‘There are lots of unsolved crimes, but none has aroused the allure of Jack the Ripper’.
The murders of Jack the Ripper stirred controversy and emotion at the time and continues to stimulate fascination within society, not only because of the vicious nature of the crimes but also due to the impact the Jack the Ripper murders had on society. The crimes by Jack the Ripper highlighted a number of differing views towards women prevalent in 19th Century London. In late 19th Century there was a changing attitude towards women, causing ambiguity in the views of women at the time. Through the use of primary documents, this essay intends to illustrate the view of women in late 19th Century London. These views of women were highlighted at the time through the murders of Jack the Ripper. Firstly, the definition of primary evidence will be explained briefly and a number of problems with primary sources will be elucidated. The expected behavior of an English woman will also be presented through the aid of primary sources. The differing views towards women will also be discussed, including the differing opinions towards prostitutes; the idea of the ‘fallen woman’ or prostitutes as creatures of evil. Representations of the victims of Jack the Ripper will also be addressed, in particular the accounts of Mary Kelly. Overall, it will be clear the attitudes towards women in late 19th Century London was a very complex subject and the Jack the Ripper murders aided in drawing attention to ambiguous views of women.
According to the definition, ‘primary sources are first hand accounts of an event, a person’s life, and other historical facts.’ Some examples of primary sources can be newspaper articles, diaries, eye witness accounts, photographs and letters. Furthermore, a primary source should not be based on any other sources. Not all sources have the same reliability and one source can very rarely be used on its own as conclusive evidence. Instead, using a group of primary as evidence is far superior and beneficial to illustrate a view or argument. ‘There is always room for error’ , whether there are translation issues or document bias, for example. Therefore, when utilizing primary sources it must be remembered to understand the possible constraints of the source and consult other, independent sources in order to gain historical truths. The view in 19th Century London of a ‘proper’ English was a very traditional one, where women were generally confined to the domestic and private sphere of society. Women were expected to act politely, respectably and were considered the property of their fathers and then, husbands. This view is clearly expressed in the illustration Business by George du Maurier.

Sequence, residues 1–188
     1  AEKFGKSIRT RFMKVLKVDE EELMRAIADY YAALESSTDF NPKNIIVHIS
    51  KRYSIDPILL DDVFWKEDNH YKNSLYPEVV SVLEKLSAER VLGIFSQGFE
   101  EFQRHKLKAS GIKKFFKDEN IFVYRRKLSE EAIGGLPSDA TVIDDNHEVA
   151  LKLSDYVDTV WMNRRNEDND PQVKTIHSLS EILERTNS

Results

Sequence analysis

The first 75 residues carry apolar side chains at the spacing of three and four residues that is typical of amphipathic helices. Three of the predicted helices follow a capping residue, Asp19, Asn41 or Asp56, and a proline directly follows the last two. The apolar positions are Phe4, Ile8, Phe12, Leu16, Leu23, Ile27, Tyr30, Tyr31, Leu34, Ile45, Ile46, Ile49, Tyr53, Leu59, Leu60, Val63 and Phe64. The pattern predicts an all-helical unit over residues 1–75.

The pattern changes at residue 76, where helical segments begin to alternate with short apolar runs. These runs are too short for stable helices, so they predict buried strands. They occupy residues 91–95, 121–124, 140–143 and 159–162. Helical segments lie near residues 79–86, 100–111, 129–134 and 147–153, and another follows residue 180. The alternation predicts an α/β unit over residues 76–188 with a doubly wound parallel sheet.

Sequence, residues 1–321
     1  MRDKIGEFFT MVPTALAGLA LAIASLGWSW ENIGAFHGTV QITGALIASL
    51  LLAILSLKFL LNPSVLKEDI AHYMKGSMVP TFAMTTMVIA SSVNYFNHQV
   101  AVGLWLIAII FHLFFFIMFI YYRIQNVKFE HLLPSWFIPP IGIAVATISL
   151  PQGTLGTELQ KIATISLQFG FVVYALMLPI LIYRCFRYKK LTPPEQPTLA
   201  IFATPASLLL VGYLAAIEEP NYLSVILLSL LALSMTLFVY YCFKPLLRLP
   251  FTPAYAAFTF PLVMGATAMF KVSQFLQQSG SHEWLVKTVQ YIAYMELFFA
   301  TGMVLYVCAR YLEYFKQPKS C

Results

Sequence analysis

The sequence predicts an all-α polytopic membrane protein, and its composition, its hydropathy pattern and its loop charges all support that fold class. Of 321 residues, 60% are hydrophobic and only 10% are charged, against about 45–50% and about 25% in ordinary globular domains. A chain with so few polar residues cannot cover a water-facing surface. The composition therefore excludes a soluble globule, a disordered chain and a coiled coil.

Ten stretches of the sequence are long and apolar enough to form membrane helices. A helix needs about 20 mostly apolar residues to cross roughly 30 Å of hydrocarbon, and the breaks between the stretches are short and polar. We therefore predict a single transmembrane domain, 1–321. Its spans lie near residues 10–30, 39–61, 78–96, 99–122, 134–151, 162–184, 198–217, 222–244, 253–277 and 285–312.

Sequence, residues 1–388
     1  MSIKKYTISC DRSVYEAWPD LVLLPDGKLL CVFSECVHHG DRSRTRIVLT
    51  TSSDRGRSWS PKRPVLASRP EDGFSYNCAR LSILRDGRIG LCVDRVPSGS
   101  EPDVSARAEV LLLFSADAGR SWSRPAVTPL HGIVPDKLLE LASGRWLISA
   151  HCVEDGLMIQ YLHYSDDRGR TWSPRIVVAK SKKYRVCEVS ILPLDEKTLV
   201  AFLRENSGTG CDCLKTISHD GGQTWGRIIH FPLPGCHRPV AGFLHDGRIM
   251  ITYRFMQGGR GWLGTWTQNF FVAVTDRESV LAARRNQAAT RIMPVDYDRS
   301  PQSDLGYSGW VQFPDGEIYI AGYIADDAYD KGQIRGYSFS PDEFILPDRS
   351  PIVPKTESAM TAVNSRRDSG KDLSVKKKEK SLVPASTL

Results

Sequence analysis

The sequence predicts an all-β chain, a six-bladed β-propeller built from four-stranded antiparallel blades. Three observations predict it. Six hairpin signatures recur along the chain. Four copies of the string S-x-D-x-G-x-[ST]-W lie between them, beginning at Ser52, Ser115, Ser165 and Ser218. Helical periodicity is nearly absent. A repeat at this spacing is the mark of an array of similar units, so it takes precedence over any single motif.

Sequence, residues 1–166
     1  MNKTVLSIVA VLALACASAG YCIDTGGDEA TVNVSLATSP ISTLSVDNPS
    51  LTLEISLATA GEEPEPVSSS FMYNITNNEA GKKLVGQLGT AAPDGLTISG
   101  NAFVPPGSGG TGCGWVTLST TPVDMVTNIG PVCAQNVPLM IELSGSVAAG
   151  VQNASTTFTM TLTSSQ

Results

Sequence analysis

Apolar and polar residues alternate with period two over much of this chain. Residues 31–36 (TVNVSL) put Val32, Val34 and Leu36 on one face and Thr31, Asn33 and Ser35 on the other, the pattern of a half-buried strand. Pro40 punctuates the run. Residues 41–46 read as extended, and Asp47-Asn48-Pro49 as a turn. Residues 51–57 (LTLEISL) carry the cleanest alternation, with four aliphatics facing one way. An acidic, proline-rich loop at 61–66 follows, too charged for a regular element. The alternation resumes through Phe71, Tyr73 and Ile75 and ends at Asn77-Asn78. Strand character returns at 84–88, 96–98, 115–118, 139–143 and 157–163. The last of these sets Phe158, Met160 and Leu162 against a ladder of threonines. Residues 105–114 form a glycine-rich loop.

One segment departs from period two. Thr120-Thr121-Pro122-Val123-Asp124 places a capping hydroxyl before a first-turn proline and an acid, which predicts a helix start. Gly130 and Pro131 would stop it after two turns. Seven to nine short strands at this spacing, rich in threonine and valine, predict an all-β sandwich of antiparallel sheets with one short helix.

This illustration clearly shows that the attitude towards women in late 19th Century was that they were not of great importance or significance to society; rather they were objects and viewed as a form of decoration and property. This illustration was also published in the Punch newspaper. Punch was one of London’s leading comic weeklies . The media of newspapers was one of the most effective ways of communication with the London public at the time of the Jack the Ripper murders, by 1888 London carried thirteen morning and nine evening daily national newspapers. Despite, Thomas Macaulay stating that the ‘only true history of a country is to be found in its newspapers’ , there are a number of constraints to remember when using newspapers as evidence. Newspapers are a commodity product, driven by profit and usually target at a particular group or groups in society. Therefore it must be remember that publishers of newspapers want to attract readers and therefore can present information that is bias or has been dramatized for this purpose. Looking in particular at Business, as it was published in a comedic newspaper, it is presenting a satirical comment on society in order to please and indulge its’ target...
Bibliography: Academic Journals and Texts
Paul Begg, Jack the Ripper: The Definitive History, London, 2003.
L. Perry Curtis, Jack the Ripper and the London Press, London, 2001.
James A. Huston, ‘Clarifying “sources” for clarity in teaching’ The History Teacher, Vol.22, 1989, pp. 139-144, p. 139.
Judith Walkowitz, ‘Jack the Ripper and the myth of male violence’, Feminist Studies, Vol. 8, 1982.
William Acton, Prostitution Considered in its Moral, Social and Sanitary Aspects 2nd Edition, 1870, at www.victorianlondon.org (under crime: prostitution: attitudes toward) accessed 16 September 2007.
George du Maurier, English Society, New York, 1897, at http://www.victorianweb.org/art/illustration/dumaurier/22.html, accessed 15 September 2007.
George Frederick Watts, 1867, Oil on canvas, Watts Gallery, at http://victorianweb.org/painting/watts/paintings/2.html, accessed 16 September 2007.
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